Roses are one of the most highly prized flowers, but they can also require more care and maintenance than many other landscape plants. A rose bush that is struggling to survive will bloom only sporadically if at all. But if you follow some standard care principles, your plants should reward you with an abundant rose bloom.
Most roses bloom between late spring and early fall, typically taking about six weeks to produce each new set of flowers as the plant continues growing throughout the season. Carefully pruning, feeding, and controlling any pests or diseases on your roses is the best way to encourage new blooms. Maximizing your rose flowers starts with selecting the right planting site, performing important spring care, and continuing until the first frost arrives.
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Choosing the Right Rose Varieties
Gardeners often seek out heirloom roses for their hardiness and renowned fragrance, but the older rose varieties don’t rebloom as reliably as modern options. Top choices for roses that rebloom profusely throughout the growing season include:
- 'Bright Melody': Fragrant, ruby-red shrub rose
- 'Carefree Delight': Large clusters of pale pink blooms
- 'Danae': Very fragrant option with clusters of light yellow blooms
- 'Fairy Moss': Miniature choice with bright pink blooms
- 'Graham Thomas': Yellow climber with peony-like blossoms
- Knock Out family: Easy-to-grow, low-maintenance shrub roses that are available in red, pink, coral, white, and yellow blooms
- 'Carefree Beauty': Large, light pink double blooms
- 'The Fairy': Many large clusters of small, pink double to semi-double blooms
- 'Fourth of July': Climber with red and white saucer-shaped semi-double blooms
- 'French Lace': Floribunda rose that produces clusters of 2- to 3-inch white blooms with flushes of pale pink
- 'Sexy Rexy': Medium pink floribunda rose with 2- to 3-inch blooms
- 'Touch of Class': Hybrid tea rose with 6-inch orange-pink blooms
When to Maximize Rose Blooms
The only time during the growing season you should not be working in some way to maximize your rose bloom is at the very end when you are preparing the bush for dormancy. At all other times—including when first planting in the spring—you should be making decisions based on how they will affect the blooming of the plant. After all, the exceptional blooms are really the primary reason to plant roses.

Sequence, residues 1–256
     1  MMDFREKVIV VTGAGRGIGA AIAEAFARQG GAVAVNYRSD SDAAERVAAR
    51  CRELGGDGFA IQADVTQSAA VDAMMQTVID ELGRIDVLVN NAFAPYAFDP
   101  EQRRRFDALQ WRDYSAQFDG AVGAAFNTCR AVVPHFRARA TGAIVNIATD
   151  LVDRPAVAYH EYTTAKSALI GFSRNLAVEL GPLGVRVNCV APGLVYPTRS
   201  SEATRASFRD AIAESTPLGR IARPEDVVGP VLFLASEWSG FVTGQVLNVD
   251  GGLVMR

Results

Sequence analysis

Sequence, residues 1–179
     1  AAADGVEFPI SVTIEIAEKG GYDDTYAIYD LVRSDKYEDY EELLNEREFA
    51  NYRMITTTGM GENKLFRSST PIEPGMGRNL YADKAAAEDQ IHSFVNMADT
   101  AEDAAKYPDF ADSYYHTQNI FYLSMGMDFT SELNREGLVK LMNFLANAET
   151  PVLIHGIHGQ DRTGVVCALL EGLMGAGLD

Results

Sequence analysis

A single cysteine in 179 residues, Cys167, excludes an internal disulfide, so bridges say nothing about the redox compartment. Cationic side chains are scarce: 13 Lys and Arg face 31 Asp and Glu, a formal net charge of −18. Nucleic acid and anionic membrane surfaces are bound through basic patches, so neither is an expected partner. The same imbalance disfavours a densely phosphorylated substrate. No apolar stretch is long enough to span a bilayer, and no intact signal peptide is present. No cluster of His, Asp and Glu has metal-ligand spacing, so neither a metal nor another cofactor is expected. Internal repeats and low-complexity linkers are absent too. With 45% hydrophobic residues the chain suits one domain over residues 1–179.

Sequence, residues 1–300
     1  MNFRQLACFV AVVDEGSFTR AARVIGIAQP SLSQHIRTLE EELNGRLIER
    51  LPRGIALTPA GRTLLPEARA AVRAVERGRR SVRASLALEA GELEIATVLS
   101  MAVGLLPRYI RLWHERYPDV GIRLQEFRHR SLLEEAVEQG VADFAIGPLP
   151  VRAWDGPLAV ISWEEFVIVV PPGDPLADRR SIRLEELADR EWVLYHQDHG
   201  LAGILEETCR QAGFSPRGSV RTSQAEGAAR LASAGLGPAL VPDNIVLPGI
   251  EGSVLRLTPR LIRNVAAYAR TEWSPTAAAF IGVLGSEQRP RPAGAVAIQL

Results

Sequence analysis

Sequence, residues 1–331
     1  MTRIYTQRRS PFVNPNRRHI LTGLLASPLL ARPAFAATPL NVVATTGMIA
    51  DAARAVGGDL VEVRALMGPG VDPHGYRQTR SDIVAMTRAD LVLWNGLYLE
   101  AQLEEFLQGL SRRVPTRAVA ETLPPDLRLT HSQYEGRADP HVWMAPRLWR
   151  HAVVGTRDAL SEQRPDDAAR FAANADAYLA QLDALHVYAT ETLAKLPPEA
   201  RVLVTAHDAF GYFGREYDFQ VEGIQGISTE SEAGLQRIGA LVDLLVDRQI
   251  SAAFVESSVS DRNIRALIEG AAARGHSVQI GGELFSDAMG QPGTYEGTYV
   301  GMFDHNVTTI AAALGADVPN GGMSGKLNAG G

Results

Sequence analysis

Before Getting Started
The right planting site affects the future blossoms of your rose bush before the plant even goes into the ground. Pamper your roses by planting them in a garden location that has excellent drainage and full sun exposure.
Choose a site that receives sunlight for at least six to eight hours each day. Roses need direct sun to generate energy for abundant blooms.
Moreover, test the site's drainage by digging an 18-inch hole and filling it with water. If the water hasn’t drained after two hours, consider building a raised bed or choosing a different site. Roses that are planted in soggy soil are susceptible to fungal diseases and root rot.
Prepare the soil at the planting site by digging an 18-by-18-inch hole and backfilling the hole with a mix of 50 percent garden soil and 50 percent compost and peat moss. This lightweight soil blend encourages the development of feeder roots.
Equipment / Tools
- Bypass pruners
- Fungicide or pesticide (as needed)
- Isopropyl alcohol (as needed)
- Balanced fertilizer
- Organic mulch
Deadhead Faded Blooms